Course Outline MATH1041 - Statistics for Life and Social Sciences School of Mathematics and Statistics

Course Outline MATH1041 - Statistics for Life and Social Sciences School of Mathematics and Statistics
Course Outline


Statistics for Life and Social Sciences

 School of Mathematics and Statistics

          Faculty of Science

             Term 1, 2019
Contents                                             2
1. Staff                                             3
2. Administrative Matters                            3
  Contacting the Student Services Office             3
3. Course Information                                4
  Course Summary                                     4
  Course Aims                                        4
  Course Learning Outcomes (CLO)                     5
  Teaching Strategies Underpinning the Course        5
4. Learning and Teaching Activities                  5
  Lectures and Tutorial Schedule                     5
  Class Tutorials and Online (Computer) Labs         6
  UNSW Moodle                                        7
  Calculator Information                             7
  Assessment Overview                                7
  Computer/online Tutorials                          8
  Mid-term Test                                      8
  Assignment                                         8
  End of Term Final Examination                      8
  Schedule of All Assessments                        9
  Course Evaluation and Development                  9
  Course Schedule                                    9
  Approximate Schedule of Topics                    10
5. Expectations of Students                         11
  School Policies                                   11
6. Academic Integrity, Referencing and Plagiarism   11
7. Readings and Resources                           12
  Course Pack                                       12
  Textbook                                          12
8. Additional Support for Students                  12
  Applications for Special Consideration            13
  Important Notes                                   14
  University Statement on Plagiarism                15

1. Staff

Position            Name                              Email                            Contact Details

Course Authority/ Dr Pierre Lafaye De Micheaux               Location: RC-2052

Student Services Mrs Markie Lugton                  Location: RC-3072

Staff Consultations

Your lecturer will have one office hour when he will be available in his office and happy to answer
queries. If you would like to speak outside of this hour, please arrange an appointment via email.

There will be a Walk-in Consulting Service, in which a member of the statistics staff will be available
for consultation, Monday to Friday. If there are any ideas introduced in class that you don’t
understand, this is the ideal place to take your questions. Details of who will be available when are
coming soon. Consultation times will be finalised in Week 1 and advertised during lectures and on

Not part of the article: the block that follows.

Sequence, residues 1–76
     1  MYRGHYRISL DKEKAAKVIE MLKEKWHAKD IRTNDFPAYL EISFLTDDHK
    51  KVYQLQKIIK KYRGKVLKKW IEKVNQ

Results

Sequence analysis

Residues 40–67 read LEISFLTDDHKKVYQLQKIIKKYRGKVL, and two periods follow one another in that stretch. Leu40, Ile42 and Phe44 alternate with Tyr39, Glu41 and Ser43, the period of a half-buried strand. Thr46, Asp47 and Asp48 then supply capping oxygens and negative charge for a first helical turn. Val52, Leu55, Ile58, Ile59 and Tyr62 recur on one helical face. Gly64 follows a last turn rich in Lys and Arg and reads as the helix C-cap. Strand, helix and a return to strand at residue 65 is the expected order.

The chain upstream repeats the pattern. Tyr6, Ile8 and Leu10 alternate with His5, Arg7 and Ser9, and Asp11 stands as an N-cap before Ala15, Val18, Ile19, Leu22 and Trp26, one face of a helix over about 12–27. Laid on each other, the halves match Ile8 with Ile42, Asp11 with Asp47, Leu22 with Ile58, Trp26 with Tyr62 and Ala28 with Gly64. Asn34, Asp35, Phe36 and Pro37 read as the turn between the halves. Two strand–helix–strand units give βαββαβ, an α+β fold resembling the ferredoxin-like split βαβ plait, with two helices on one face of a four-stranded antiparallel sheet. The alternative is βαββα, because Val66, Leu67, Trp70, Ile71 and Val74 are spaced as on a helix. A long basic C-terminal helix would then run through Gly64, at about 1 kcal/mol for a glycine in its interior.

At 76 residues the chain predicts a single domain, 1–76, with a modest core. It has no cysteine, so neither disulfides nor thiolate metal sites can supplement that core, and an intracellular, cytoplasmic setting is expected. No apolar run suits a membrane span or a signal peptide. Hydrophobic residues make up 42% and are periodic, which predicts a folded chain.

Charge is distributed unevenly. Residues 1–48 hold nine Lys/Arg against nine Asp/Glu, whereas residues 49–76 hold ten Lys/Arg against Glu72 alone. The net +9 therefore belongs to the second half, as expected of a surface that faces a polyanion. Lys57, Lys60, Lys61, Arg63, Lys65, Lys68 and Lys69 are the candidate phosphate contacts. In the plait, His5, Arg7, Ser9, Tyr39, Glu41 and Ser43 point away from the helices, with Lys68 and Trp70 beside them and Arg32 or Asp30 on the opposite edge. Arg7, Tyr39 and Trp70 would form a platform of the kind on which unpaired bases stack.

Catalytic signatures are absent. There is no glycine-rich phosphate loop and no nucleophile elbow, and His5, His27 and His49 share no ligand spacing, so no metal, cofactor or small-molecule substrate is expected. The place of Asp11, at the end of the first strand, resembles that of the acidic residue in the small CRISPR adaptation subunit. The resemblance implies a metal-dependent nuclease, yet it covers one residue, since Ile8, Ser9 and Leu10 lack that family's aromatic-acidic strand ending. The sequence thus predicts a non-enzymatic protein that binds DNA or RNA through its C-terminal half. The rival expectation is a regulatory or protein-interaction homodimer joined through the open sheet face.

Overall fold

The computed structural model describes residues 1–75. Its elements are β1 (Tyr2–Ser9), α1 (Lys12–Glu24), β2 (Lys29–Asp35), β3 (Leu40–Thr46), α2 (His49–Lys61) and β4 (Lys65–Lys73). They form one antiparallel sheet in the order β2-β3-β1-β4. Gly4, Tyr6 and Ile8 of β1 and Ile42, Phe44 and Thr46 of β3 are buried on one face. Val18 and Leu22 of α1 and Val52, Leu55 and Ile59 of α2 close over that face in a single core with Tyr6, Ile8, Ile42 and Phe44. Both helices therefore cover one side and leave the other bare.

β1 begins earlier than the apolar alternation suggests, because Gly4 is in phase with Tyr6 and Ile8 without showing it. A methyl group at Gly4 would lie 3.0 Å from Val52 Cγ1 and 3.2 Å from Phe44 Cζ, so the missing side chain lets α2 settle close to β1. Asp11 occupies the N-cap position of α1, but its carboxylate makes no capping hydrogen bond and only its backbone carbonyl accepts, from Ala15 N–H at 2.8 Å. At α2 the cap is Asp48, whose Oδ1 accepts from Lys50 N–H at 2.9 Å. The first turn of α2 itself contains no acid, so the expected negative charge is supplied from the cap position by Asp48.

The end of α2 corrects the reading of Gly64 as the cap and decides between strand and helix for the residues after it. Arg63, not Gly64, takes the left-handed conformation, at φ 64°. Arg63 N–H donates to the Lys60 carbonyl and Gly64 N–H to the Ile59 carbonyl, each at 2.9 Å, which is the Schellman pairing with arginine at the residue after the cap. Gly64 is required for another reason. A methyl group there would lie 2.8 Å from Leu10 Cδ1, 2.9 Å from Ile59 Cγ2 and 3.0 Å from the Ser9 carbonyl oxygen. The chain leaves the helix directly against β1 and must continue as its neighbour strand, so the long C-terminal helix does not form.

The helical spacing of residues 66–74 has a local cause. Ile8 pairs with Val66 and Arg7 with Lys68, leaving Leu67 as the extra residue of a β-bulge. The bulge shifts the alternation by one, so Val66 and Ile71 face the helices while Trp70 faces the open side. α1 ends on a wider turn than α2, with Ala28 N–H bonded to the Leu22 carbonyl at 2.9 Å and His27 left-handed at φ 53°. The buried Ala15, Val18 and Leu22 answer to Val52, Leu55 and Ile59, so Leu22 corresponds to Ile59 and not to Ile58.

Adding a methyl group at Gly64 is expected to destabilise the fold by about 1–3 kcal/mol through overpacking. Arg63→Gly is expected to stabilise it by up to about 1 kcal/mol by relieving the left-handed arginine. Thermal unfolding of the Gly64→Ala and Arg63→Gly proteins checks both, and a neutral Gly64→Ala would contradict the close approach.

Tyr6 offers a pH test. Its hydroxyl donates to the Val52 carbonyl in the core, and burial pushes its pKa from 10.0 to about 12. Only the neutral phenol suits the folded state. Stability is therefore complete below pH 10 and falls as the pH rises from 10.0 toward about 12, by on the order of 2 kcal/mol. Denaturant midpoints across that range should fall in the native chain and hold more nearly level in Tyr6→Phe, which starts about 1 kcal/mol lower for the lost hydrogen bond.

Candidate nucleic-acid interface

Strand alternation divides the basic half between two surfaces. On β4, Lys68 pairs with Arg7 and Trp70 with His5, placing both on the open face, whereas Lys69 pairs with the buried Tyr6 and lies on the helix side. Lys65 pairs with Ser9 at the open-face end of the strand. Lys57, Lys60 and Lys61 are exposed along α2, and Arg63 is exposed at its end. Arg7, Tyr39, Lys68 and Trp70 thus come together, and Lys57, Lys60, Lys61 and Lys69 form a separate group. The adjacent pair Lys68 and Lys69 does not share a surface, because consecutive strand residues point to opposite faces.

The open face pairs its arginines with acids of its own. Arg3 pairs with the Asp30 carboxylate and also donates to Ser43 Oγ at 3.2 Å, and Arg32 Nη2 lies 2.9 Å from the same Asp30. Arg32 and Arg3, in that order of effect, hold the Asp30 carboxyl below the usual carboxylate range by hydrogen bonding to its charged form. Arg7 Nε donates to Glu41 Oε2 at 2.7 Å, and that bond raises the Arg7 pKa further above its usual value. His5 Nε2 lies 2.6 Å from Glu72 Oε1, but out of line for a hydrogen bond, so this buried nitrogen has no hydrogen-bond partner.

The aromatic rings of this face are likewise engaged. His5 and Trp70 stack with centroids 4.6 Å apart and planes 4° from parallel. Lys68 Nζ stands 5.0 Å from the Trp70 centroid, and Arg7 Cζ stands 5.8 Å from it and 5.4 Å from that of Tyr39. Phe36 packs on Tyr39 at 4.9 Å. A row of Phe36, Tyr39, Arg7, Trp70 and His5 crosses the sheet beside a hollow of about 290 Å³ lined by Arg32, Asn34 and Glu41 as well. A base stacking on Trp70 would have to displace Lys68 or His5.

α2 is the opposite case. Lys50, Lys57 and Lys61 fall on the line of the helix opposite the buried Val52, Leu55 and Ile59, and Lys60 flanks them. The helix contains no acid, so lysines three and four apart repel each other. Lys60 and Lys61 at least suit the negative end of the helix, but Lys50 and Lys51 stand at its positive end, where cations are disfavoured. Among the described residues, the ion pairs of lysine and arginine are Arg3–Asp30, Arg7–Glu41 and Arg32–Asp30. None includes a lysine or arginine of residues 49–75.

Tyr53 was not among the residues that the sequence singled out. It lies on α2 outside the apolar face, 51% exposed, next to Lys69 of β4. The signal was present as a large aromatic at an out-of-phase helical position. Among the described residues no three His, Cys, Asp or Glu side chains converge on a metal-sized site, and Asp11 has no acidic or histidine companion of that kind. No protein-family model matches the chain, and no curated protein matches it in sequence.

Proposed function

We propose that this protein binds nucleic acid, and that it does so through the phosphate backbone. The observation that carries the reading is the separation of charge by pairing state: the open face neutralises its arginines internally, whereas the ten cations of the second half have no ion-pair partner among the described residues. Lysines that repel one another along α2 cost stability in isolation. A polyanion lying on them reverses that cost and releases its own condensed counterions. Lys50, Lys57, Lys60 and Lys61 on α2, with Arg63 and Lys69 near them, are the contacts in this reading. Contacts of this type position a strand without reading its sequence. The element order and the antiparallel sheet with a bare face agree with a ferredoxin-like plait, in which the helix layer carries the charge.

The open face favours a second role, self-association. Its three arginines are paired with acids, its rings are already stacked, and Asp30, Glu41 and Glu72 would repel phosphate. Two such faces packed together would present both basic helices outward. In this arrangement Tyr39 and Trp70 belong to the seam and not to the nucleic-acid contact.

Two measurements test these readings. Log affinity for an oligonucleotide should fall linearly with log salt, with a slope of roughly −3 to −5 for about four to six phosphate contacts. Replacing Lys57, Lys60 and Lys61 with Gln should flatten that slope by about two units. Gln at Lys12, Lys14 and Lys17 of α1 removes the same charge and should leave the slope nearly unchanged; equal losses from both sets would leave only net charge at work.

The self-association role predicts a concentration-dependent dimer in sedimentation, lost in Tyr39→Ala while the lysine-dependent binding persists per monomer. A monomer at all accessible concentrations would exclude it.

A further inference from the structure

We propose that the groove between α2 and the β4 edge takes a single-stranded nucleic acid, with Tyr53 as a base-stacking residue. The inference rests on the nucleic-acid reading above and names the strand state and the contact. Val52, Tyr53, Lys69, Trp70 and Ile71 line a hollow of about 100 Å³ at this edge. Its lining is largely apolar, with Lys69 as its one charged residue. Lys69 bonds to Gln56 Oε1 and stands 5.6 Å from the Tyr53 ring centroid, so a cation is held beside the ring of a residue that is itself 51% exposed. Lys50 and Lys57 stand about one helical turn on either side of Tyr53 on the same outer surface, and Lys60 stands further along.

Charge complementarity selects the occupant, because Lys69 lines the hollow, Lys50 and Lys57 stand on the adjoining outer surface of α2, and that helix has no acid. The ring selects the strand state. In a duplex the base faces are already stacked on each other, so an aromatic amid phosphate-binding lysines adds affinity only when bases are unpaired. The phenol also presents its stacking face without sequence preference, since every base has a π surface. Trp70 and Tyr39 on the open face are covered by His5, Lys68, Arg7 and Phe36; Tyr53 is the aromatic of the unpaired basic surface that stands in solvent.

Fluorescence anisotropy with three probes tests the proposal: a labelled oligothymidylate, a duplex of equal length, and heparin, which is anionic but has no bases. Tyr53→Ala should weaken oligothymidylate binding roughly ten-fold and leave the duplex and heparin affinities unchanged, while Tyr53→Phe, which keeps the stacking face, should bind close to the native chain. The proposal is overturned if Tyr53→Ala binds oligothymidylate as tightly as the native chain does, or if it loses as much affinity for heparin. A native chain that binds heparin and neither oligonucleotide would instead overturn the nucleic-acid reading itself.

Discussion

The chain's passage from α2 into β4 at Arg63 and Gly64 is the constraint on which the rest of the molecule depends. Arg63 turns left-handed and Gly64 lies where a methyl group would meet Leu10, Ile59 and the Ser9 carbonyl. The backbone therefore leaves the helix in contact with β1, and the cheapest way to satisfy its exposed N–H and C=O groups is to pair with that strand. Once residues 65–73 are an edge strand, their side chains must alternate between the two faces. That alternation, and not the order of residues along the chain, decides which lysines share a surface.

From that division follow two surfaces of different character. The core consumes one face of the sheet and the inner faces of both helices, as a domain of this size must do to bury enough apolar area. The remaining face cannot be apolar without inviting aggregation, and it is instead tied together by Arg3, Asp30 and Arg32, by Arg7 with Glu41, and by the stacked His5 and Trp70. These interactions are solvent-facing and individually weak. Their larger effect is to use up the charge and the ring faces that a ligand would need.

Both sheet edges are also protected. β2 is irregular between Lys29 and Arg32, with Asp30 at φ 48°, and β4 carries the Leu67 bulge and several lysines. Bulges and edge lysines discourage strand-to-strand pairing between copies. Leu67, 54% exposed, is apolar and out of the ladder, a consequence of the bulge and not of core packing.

UNSW Moodle (
There will also be a MATH1041 Discussion Forum accessible through Moodle.
If you have any questions in class, do not hesitate to ask! Out of class times, feel free to use the
advertised consultation hours or the discussion forum on Moodle.

2. Administrative Matters

Contacting the Student Services Office
Please visit the School of Mathematics and Statistics web-site for a wide range of information on
School Policies, Forms and Help for Students by visiting the “Student Services” page.
For information on Courses, please go to “Current Student”, “Undergraduate and/or Postgraduate”
“Courses Homepage” for information on all course offerings.
The “Student Notice Board” can be located by going to the “Current Students” page; Notices are
posted regularly for your information here. Please familiarise yourself with the information found in
these locations. The School web page is found:
If you cannot find the answer to your queries on the web pages you are welcome to contact the
Student Services Office directly. The First Year Advisor in the Student Services Office is Mrs Markie
Lugton. All administrative enquiries concerning first year Mathematics courses should be sent to M
Lugton, either:

    •   By email to
    •   By phone: 9385 7011
    •   Or in person to the Red Centre building, Level 3, room 3072

Change of tutorials, due to timetable clashes or work commitments, permission to take class tests
    outside your scheduled tutorial, advice on course selection and other administrative matters are
    handled in the Student Services Office.
    Constructive comments on course improvement may also be emailed to either your lecturer or to
    the Director of First Year Mathematics, Dr Jonathan Kress. Should we need to contact you, we
    will use your official UNSW email address of in the first
    instance. It is your responsibility to regularly check your university email account. Please
    state your student number in all emails to the Student Services Office.

3. Course Information
Units of credit: 6
Pre-requisite(s): There are no formal pre-requisites for this course. The level of mathematics
knowledge that is assumed is that you have achieved the equivalent of a mark of at least 60 in HSC
Mathematics, or a minimum level of 70 in HSC General Mathematics.

Exclusions for MATH1041: ECON1203, ECON2292.
Timetable for course MATH1041:

Course Summary
This course will provide the following Science Faculty Graduate Attributes, in decreasing order of